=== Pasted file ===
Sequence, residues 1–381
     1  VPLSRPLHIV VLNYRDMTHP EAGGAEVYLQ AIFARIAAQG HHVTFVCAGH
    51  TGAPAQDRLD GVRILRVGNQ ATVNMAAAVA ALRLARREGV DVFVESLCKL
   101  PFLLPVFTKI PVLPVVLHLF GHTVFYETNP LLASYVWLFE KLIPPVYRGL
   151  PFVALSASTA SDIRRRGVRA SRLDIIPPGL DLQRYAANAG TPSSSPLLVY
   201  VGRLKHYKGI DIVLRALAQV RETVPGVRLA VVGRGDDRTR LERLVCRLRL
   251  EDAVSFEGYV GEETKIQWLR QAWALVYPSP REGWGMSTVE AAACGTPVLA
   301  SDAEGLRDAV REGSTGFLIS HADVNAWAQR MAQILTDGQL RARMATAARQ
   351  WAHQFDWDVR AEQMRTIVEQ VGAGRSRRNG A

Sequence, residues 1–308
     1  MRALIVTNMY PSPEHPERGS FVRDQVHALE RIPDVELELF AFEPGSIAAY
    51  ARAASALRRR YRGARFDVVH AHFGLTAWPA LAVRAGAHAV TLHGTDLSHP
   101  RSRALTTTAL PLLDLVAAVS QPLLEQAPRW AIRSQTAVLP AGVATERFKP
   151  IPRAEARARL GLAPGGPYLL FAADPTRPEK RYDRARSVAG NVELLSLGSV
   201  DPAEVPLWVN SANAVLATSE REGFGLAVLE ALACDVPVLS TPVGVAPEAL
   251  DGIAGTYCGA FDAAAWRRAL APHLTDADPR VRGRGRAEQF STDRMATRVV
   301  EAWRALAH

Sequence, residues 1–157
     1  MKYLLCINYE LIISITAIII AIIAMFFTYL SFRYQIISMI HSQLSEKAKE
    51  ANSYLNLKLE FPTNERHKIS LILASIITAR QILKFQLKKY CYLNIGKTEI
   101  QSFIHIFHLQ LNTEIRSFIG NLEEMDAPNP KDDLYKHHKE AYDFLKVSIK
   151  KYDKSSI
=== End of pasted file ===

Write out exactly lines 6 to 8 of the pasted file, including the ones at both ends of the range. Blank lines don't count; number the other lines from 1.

   201  VGRLKHYKGI DIVLRALAQV RETVPGVRLA VVGRGDDRTR LERLVCRLRL
   251  EDAVSFEGYV GEETKIQWLR QAWALVYPSP REGWGMSTVE AAACGTPVLA
   301  SDAEGLRDAV REGSTGFLIS HADVNAWAQR MAQILTDGQL RARMATAARQ